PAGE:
Second Primary Lung Cancer: A Current Problem in Long-Survivor Cancer Patients
*Felice Mucilli Department Of Surgery, University “G. D’Annunzio “-Chieti, Italy
*Corresponding Author: Felice Mucilli
Department Of Surgery, University “G. D’Annunzio “-Chieti, Italy Email:firstname.lastname@example.org
Published on: 2017-07-22
between 0.8 and 14.5% of cases. Synchronous or metachronous SPM present, however, diagnostic and therapeutic challenges. The authors report their experience in the treatment of second primary lung tumors. Methods: A retrospective study from 2008 to 2014 was conducted in patients with synchronous or metachronous second primary lung cancer. Results: 30 patients (69.8%) underwent to pulmonary lobectomy, 4 (9,3%) to segmentectomy and 6 (14.0%) to wedge resections (Table n.1). Lung-sparing resections were referred to patients with unsuitable respiratory volumes for anatomical ones. The presence in the medical history of an intra- or extrathoracic primary cancer does not significantly influence survival, while the second primary malignancy’s stage is crucial. Conclusions: Lobectomy with hilar-mediastinal lymph node dissection should be offered to all suitable patient.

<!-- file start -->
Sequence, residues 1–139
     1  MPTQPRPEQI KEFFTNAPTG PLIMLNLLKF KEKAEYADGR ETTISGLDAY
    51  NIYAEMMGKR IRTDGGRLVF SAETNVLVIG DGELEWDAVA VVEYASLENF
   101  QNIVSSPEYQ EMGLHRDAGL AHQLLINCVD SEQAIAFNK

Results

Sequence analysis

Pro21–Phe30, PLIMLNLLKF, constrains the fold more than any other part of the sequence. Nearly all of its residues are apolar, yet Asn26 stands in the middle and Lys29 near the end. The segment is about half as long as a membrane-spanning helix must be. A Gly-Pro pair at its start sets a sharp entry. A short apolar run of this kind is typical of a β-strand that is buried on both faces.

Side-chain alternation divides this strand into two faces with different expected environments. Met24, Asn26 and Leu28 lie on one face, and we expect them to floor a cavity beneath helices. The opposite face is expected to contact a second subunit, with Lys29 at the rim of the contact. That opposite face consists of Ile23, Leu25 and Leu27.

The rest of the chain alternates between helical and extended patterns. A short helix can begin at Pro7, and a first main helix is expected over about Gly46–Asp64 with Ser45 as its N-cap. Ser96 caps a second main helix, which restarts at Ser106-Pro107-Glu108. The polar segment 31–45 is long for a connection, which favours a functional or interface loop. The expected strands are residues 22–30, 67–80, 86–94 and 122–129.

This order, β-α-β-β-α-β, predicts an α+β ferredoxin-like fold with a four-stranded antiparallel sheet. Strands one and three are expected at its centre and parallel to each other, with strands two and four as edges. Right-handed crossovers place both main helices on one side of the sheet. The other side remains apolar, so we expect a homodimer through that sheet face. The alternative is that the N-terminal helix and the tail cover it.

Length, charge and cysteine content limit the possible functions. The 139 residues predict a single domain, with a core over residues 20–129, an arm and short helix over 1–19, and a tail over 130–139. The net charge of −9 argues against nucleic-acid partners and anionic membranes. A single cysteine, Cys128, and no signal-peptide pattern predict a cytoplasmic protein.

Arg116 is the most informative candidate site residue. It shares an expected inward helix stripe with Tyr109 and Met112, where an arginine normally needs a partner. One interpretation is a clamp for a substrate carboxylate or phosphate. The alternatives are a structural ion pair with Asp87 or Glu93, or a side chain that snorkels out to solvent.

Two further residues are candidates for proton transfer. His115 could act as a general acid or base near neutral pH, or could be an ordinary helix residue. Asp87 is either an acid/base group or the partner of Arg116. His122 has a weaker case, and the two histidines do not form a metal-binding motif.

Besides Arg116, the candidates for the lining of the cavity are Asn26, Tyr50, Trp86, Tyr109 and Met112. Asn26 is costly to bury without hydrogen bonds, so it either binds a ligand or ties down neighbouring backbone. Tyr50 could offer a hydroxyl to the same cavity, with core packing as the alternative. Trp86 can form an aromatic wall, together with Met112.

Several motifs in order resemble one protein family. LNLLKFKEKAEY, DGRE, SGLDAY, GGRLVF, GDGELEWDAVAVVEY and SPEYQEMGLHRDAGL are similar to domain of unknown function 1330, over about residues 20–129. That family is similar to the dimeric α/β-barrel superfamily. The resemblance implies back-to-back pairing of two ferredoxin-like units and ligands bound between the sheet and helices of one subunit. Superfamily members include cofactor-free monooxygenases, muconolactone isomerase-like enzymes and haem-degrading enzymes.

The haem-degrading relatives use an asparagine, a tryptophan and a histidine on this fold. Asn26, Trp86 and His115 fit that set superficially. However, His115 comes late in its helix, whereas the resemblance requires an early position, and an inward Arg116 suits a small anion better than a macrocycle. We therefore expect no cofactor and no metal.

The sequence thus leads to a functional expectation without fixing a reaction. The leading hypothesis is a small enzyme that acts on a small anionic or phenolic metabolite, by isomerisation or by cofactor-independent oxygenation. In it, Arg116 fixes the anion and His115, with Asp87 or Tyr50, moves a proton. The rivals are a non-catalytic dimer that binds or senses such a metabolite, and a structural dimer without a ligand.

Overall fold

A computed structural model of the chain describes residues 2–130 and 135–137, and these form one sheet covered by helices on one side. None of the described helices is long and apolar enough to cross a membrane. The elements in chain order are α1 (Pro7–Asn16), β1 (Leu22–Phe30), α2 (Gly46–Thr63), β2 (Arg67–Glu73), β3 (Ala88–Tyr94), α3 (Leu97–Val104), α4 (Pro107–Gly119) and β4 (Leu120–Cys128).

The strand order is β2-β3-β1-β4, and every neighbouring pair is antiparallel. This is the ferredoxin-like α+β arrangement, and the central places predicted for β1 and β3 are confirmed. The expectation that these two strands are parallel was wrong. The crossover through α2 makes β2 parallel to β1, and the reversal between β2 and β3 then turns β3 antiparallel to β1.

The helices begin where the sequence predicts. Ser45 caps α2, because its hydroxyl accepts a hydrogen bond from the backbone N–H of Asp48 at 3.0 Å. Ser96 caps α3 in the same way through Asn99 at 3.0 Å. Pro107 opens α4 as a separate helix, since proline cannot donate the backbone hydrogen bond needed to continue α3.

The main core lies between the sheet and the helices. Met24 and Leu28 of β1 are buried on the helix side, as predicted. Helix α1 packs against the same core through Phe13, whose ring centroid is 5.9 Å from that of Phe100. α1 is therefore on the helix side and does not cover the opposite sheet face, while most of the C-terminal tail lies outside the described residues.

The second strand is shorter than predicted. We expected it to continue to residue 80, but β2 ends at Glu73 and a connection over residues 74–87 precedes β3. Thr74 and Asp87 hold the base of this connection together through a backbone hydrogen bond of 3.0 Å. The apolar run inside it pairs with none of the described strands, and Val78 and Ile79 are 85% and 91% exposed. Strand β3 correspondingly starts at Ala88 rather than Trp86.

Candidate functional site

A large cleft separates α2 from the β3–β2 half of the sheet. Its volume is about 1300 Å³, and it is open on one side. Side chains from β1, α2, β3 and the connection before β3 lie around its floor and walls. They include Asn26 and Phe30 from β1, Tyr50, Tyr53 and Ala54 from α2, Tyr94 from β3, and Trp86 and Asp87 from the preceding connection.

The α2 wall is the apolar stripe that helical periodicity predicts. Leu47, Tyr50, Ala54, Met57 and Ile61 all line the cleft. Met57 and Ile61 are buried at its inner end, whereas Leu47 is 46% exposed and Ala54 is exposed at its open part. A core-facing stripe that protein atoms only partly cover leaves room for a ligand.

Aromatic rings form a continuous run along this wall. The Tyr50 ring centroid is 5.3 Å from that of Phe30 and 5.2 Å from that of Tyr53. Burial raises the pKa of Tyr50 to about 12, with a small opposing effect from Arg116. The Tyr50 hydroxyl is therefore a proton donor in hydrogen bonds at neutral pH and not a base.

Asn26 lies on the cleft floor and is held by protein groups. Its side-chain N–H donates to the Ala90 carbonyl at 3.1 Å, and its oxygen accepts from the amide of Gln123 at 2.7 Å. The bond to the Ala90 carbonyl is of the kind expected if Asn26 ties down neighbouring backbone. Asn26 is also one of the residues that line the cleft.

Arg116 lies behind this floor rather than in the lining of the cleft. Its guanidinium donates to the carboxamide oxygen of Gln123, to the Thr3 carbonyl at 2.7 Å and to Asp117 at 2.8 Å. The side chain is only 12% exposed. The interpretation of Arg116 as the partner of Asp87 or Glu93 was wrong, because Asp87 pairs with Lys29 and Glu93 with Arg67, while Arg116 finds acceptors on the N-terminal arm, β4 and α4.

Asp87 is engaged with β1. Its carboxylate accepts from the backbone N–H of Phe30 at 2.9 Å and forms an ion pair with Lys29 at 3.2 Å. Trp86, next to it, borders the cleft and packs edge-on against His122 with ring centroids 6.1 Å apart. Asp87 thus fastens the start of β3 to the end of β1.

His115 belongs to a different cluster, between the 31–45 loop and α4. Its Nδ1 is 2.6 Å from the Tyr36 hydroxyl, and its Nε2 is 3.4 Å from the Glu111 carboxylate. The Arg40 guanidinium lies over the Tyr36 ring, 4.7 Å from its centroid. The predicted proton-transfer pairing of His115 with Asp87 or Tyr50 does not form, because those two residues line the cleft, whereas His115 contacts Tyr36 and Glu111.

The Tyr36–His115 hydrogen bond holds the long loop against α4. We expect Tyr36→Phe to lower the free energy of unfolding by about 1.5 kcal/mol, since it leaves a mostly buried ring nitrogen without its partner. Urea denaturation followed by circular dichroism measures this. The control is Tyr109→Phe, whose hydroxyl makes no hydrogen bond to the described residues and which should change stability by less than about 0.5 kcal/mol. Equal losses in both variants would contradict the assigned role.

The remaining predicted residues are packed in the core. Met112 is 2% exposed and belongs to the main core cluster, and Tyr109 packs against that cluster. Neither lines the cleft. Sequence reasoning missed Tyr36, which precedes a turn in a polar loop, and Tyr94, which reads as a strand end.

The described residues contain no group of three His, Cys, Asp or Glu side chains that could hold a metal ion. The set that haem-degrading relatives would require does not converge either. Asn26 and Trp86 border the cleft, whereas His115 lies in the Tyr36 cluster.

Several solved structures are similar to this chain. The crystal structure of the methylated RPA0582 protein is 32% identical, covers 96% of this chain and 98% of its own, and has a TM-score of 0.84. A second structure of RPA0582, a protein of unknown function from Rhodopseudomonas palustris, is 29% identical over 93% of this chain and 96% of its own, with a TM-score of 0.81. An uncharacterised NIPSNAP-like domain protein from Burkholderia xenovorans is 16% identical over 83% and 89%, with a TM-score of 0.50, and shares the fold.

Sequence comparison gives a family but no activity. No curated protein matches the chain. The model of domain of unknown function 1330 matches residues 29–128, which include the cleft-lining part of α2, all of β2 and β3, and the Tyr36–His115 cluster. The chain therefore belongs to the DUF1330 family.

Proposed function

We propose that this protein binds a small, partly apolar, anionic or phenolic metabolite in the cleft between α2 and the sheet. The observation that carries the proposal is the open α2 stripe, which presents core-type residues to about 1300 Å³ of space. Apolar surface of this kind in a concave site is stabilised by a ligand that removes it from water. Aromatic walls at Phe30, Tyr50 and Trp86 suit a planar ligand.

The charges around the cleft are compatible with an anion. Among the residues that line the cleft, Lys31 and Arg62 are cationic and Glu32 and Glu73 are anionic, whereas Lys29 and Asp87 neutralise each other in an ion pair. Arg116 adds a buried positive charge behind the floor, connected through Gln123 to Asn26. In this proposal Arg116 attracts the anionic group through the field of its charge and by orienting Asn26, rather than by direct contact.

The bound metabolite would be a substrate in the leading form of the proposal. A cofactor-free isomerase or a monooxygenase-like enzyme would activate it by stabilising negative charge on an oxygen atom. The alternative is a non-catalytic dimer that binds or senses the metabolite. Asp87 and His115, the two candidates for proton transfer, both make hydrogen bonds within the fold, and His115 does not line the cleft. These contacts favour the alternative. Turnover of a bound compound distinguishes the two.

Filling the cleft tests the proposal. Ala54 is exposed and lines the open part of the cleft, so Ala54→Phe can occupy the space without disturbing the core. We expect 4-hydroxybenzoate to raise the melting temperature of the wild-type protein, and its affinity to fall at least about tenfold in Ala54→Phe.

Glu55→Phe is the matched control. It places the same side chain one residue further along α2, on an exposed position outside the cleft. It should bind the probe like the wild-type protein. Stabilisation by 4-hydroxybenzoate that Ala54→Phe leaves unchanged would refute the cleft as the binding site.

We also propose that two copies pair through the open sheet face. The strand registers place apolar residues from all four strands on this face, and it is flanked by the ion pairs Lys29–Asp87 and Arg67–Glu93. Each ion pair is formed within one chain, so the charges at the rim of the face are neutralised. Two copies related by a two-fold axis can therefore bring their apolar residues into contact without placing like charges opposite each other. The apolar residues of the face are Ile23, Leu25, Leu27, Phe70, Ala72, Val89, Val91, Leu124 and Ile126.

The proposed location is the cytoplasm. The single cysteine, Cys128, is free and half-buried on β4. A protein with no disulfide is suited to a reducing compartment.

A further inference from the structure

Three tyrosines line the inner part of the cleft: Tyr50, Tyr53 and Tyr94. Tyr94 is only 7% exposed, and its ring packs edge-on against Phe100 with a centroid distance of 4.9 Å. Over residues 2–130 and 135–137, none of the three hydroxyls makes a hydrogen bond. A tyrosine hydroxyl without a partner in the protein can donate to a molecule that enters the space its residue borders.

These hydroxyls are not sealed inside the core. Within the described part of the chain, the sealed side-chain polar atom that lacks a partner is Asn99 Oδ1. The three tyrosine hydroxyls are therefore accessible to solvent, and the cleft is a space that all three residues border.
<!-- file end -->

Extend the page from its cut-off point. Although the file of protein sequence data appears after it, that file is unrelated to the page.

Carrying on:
Second Primary Lung Cancer; Martini and Melamed’s Criteria; Lobectomy; Overall Survival
Lung cancer is the leading cause of cancer-related death. Non small cell lung cancer (NSCLC) and Small cell lung cancer (SCLC) are the major histotypes, with the previous representing about 85% of cases. The lung may be the site of synchronous or metachronous second primary malignancies (SPM) with an incidence between 0.8 and 14.5% of cases. However, synchronous or metachronous SPMs present diagnostic and therapeutic challenges. In fact, occasionally, it is difficult to differentiate a SPM from a local recurrence or distant metastasis. Martini and Melamed’s and Antakli’s diagnostic criteria are universally accepted.